By David H. Price

In Cold conflict Anthropology, David H. expense bargains a provocative account of the profound impact that the yank safeguard kingdom has had at the box of anthropology because the moment global battle. utilizing a wealth of knowledge unearthed in CIA, FBI, and armed forces files, he maps out the elaborate connections among academia and the intelligence group and the strategic use of anthropological learn to extra the ambitions of the yank army advanced. the increase of quarter reviews courses, funded either overtly and covertly through executive enterprises, inspired anthropologists to supply paintings that had highbrow worth in the box whereas additionally shaping international counterinsurgency and improvement courses that furthered America’s chilly battle ambitions. eventually, the ethical matters raised via those actions caused the yank Anthropological organization to set up its first ethics code. fee concludes by way of evaluating chilly War-era anthropology to the anthropological services deployed through the army within the post-9/11 era.

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Extra resources for Cold War Anthropology: The CIA, the Pentagon, and the Growth of Dual Use Anthropology

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The cia observed that the postwar collapse of existing Eu­ro­pean and Japa­ nese colonialism in Asia and Africa fueled “the release of bottled-up nationalist activities,” and it conceded the “further disintegration” of global Eu­ro­pean colonial holdings was “inevitable” (cia 1948: 1). It stressed the economic impact of anticolonial movements, lamenting that “no longer can the Western Powers rely on large areas of Asia and Africa as assured sources of raw materials, markets, and military bases” (2).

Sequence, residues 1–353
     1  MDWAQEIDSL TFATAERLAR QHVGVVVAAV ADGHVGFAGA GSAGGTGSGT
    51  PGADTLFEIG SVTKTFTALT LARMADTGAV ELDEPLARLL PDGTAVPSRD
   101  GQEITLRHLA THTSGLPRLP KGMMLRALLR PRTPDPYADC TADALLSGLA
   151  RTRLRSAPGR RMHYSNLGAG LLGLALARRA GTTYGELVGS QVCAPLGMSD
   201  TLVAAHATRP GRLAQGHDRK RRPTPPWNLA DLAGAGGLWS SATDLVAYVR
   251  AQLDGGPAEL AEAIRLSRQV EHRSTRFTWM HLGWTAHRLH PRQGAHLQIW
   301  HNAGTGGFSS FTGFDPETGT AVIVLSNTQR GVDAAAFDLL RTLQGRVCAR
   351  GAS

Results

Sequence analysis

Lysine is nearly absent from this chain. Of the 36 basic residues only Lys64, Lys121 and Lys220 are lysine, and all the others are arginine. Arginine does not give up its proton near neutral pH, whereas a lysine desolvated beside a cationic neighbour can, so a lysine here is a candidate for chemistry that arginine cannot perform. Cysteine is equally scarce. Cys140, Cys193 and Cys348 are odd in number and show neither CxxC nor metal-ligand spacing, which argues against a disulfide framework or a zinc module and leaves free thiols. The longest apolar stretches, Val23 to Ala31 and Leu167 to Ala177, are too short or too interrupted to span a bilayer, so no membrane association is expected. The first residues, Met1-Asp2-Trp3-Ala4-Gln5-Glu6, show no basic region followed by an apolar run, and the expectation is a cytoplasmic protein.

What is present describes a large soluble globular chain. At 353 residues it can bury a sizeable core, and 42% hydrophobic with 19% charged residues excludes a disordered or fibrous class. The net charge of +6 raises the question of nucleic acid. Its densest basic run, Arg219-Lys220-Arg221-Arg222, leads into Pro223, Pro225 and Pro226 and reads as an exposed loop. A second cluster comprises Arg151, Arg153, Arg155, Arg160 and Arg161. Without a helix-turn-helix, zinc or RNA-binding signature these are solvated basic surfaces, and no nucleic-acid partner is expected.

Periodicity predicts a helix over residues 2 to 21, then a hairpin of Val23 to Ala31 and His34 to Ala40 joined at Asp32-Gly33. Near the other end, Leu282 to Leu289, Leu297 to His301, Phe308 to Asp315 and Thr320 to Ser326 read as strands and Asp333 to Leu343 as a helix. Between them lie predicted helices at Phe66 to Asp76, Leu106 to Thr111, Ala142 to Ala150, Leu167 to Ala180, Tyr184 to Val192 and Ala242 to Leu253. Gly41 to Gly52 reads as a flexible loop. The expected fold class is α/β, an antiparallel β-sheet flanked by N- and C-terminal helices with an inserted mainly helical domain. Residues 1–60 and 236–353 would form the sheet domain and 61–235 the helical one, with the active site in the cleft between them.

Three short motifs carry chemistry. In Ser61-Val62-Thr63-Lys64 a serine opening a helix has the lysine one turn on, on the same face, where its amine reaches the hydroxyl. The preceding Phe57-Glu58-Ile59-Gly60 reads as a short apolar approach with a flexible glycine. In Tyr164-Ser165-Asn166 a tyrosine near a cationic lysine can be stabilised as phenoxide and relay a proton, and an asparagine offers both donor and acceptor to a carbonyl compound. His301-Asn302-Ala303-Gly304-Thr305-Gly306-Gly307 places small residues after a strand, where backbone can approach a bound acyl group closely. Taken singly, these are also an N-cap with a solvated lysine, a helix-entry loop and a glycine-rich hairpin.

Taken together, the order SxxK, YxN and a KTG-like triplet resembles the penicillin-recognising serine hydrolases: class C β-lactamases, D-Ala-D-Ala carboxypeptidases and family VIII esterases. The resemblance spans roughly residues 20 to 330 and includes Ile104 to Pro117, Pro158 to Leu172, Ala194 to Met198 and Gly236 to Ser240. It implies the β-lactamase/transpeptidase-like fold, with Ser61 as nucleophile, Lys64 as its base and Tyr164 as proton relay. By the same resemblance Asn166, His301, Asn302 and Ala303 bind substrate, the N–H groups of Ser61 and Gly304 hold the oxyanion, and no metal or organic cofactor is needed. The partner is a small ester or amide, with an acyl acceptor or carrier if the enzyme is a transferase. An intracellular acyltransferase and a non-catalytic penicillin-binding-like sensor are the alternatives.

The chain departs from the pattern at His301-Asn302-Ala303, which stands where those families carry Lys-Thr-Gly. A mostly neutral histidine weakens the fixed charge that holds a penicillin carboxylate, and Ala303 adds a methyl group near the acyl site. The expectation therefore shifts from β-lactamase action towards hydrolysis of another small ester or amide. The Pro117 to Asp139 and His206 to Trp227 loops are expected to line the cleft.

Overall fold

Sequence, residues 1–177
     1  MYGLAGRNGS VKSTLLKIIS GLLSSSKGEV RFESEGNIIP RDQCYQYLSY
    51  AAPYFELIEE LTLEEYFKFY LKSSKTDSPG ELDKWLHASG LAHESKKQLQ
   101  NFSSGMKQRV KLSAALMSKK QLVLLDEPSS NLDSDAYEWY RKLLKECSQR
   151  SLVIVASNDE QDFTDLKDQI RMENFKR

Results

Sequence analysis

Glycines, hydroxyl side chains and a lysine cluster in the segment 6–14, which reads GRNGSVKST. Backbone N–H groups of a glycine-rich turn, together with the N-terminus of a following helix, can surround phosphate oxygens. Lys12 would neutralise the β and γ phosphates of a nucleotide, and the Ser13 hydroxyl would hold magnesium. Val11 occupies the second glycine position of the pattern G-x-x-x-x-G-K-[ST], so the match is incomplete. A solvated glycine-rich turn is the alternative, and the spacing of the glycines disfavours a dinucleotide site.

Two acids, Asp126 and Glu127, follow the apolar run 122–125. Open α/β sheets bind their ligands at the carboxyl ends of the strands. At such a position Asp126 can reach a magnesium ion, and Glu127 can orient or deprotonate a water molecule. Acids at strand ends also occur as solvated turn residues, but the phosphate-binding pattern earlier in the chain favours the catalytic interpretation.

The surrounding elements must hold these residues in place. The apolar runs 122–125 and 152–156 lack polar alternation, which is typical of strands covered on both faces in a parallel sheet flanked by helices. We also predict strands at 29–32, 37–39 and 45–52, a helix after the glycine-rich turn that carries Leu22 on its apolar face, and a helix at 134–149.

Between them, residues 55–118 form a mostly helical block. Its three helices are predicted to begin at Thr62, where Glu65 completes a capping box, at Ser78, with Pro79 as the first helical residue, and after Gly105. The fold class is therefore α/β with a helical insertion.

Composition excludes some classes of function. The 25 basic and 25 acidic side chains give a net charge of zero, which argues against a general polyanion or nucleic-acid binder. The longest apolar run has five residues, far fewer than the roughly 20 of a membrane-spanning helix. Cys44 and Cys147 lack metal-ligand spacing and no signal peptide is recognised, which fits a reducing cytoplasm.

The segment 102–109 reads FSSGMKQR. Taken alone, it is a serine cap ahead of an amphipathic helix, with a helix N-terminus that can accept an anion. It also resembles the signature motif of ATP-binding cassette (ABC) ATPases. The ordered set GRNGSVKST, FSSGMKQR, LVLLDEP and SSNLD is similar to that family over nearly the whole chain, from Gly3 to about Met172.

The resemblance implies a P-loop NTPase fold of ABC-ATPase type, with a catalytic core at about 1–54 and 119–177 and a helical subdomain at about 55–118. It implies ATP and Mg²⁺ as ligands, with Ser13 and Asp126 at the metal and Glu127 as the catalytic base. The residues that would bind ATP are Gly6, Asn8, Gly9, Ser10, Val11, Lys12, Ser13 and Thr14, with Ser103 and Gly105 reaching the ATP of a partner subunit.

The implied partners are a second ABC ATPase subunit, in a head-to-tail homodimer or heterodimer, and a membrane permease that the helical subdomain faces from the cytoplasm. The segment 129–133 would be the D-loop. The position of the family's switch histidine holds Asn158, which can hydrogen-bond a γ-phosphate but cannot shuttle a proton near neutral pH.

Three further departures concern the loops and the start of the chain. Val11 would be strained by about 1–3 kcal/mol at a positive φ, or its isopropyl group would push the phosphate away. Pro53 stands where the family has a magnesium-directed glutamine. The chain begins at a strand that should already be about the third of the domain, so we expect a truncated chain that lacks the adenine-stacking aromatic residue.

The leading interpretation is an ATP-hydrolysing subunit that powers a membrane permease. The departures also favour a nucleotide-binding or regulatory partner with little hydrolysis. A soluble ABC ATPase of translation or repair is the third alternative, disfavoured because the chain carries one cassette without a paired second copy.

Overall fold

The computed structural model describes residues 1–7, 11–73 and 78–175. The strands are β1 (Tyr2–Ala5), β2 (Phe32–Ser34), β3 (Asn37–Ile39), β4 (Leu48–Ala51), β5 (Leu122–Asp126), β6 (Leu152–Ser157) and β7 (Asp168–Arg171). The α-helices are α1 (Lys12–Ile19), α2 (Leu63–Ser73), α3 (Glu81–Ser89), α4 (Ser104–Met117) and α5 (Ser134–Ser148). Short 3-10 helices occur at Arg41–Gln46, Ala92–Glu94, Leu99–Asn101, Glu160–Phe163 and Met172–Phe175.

One of the ways that the cia ­shaped the funding of international research was by planting agency employees in key positions on foundations. In 1955, dci Dulles responded to a request by Don K. Price, acting president of the Ford Foundation, to loan a cia employee to serve on the Ford Foundation staff, writing that he would make a cia employee (female, identity redacted) available to the foundation for two years, adding that “we consider her competency such that, with a period of ser­vice with you, she and this Agency ­will gain significantly” (foia cia-­rdp80B01676R004000140015–9, AD to DKP, 8/13/55).

S. social scientists of the era to acknowledge that such self-­serving motivations lay at the base of many Cold War American foreign policies and programs linked to American academics. The war’s end brought uncertainty for American intelligence agencies. ­Under President Truman’s Executive Order 9621, the oss disbanded on October 1, 1945, and the agency’s functions w ­ ere reassigned to the Department of State and the War Department. Had President Roo­se­velt lived to the postwar period, the oss may have remained a permanent agency, but oss director William Donovan lacked Truman’s support.

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